BART helps veterans kick off Memorial Day weekend with "buddy" poppy flowers
Today and tomorrow, during the morning and afternoon commutes, war veterans, dressed in uniform, will kick off Memorial Day weekend by handing BART riders thousands of "Buddy" Poppies. Those are the famous flowers known worldwide as the symbol to honor those who've fought for their country.
BART has offered the use of all 43 of its stations to local Veterans of Foreign Wars (VFW) posts so veterans can hand out the tiny, red flowers for free. In exchange, VFW members will ask riders for a voluntary charitable cash donation to support disabled veterans and their families.
"We will offer a 'Buddy' Poppy to everybody whether they can afford to donate or not," 65-year-old veteran Vern Crete said. Crete serves as the junior vice commander and honor guard captain at VFW Post 9601. "I've had people give a penny or $100. Every bit is appreciated." Crete and a half dozen members from his post will be at the Castro Valley Station for the "Buddy" Poppy charity event.
"BART is proud to have the opportunity to salute those who've served," BART Board Member and Vietnam War veteran John McPartland said. "Regardless of one's personal beliefs about war, we should always honor those who are in harm's way protecting the freedom and liberty that our nation enjoys." McPartland represents the Castro Valley & Dublin/Pleasanton areas. He helped the VFW secure the proper permits for the event and will be participating in the flower distribution at Castro Valley Station during the Thursday evening commute.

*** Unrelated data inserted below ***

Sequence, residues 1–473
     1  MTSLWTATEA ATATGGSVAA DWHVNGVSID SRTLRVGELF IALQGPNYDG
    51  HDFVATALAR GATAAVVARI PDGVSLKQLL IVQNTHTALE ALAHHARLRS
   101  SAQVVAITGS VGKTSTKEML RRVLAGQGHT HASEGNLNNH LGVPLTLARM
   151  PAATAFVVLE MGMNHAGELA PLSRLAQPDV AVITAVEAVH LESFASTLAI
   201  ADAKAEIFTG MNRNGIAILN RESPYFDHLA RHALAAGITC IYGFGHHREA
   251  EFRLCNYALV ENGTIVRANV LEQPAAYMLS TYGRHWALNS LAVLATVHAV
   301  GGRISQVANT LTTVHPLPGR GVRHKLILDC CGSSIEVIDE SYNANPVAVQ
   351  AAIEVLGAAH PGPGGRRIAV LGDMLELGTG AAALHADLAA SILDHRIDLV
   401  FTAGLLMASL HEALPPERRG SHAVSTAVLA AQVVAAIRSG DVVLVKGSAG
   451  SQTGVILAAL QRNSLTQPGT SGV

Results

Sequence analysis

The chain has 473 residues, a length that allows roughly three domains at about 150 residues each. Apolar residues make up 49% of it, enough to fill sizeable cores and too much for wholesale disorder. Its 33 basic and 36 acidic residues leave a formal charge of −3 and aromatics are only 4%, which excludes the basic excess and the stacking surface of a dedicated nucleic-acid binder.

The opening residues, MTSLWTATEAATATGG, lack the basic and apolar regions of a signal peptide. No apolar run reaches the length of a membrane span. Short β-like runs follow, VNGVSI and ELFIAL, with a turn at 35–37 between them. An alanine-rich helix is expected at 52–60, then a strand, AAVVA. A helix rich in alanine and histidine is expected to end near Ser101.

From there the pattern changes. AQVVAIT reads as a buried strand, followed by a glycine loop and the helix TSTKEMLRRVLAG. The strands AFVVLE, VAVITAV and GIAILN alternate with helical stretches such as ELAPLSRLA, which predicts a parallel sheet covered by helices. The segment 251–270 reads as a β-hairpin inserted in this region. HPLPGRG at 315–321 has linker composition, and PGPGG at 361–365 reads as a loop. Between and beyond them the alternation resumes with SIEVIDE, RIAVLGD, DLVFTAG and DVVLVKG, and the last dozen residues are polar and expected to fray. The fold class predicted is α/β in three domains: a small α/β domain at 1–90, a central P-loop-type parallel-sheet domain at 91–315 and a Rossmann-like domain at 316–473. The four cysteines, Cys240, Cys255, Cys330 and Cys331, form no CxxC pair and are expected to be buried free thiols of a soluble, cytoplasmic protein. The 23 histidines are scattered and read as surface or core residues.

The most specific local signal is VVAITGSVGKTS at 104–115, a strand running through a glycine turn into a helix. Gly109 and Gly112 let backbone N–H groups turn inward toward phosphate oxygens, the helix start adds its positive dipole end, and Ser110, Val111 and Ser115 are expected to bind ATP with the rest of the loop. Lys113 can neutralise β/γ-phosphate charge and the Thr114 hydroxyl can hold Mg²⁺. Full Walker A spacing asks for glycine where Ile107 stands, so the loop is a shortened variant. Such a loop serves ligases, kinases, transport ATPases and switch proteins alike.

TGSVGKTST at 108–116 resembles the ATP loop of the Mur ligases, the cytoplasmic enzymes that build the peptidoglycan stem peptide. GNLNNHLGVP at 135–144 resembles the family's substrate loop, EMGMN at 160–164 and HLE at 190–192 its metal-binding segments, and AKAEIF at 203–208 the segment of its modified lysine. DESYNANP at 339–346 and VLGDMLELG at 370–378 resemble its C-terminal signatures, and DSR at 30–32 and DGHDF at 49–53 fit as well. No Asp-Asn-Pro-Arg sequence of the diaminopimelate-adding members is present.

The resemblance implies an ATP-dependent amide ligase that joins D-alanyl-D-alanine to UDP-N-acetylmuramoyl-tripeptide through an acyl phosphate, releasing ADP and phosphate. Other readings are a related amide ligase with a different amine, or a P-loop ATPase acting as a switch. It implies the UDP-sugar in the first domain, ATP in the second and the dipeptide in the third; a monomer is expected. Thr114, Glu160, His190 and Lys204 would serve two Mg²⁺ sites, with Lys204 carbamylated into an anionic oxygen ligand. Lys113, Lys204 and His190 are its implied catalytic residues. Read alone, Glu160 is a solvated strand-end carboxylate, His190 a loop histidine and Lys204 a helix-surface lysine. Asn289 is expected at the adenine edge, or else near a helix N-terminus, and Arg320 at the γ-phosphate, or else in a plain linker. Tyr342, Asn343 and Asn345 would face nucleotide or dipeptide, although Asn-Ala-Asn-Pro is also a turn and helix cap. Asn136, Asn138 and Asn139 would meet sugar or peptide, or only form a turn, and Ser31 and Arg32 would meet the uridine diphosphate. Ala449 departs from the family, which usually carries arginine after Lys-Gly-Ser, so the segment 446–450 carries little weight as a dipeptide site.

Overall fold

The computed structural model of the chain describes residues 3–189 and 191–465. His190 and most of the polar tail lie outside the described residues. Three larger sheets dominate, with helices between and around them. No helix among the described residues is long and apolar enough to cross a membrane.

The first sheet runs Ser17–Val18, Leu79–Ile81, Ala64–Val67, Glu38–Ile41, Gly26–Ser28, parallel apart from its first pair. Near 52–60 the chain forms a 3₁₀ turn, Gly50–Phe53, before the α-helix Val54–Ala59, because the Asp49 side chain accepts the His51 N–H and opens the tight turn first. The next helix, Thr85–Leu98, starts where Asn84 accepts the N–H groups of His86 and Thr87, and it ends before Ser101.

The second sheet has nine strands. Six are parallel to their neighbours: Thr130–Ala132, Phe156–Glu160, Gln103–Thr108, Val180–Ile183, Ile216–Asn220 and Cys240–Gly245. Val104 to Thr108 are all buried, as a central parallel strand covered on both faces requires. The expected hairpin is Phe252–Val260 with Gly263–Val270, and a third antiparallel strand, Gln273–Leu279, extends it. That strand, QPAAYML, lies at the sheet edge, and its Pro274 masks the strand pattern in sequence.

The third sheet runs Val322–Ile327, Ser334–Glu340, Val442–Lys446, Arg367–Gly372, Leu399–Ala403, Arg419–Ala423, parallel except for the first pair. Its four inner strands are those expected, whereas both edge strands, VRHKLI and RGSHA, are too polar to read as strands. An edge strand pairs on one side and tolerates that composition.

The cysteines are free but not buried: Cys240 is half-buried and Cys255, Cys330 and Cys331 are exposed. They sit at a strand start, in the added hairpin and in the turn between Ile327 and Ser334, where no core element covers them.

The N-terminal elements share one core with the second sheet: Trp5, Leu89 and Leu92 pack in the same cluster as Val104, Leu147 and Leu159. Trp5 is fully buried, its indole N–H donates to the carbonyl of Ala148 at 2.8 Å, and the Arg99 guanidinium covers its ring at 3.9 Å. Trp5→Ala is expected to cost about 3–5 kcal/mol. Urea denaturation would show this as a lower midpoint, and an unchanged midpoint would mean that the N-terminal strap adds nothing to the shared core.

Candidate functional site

"BART is humbled by this opportunity to acknowledge the heroic efforts of the men and women who have given their lives to uphold our American beliefs," BART Board President James Fang said. "We are proud to work with the VFW in their charity program and we hope in some small way it helps to improve the lives of veterans. I would like to commend Director McPartland for bringing this issue front and center to BART."
"BUDDY" POPPIES RAISE MILLIONS EACH YEAR
Every year, war veterans around the world distribute approximately 14 million "Buddy" Poppies and collect $15 million in donations. The donations support many charitable programs like medical care and funeral costs for disabled and homeless vets and the surviving family members of deceased vets.
"I served two tours in Vietnam," Crete said. "I came back from the war in fairly good health, but my ears were damaged from gun fire. My primary medical provider is the VA hospital. But the government can't do everything and in fact, doesn't do enough for veterans. That's why I enjoy participating in the "Buddy" Poppy charity program. As long as I have the health to help, I will donate my time, my energy and my money to do what the government can't do to help veterans."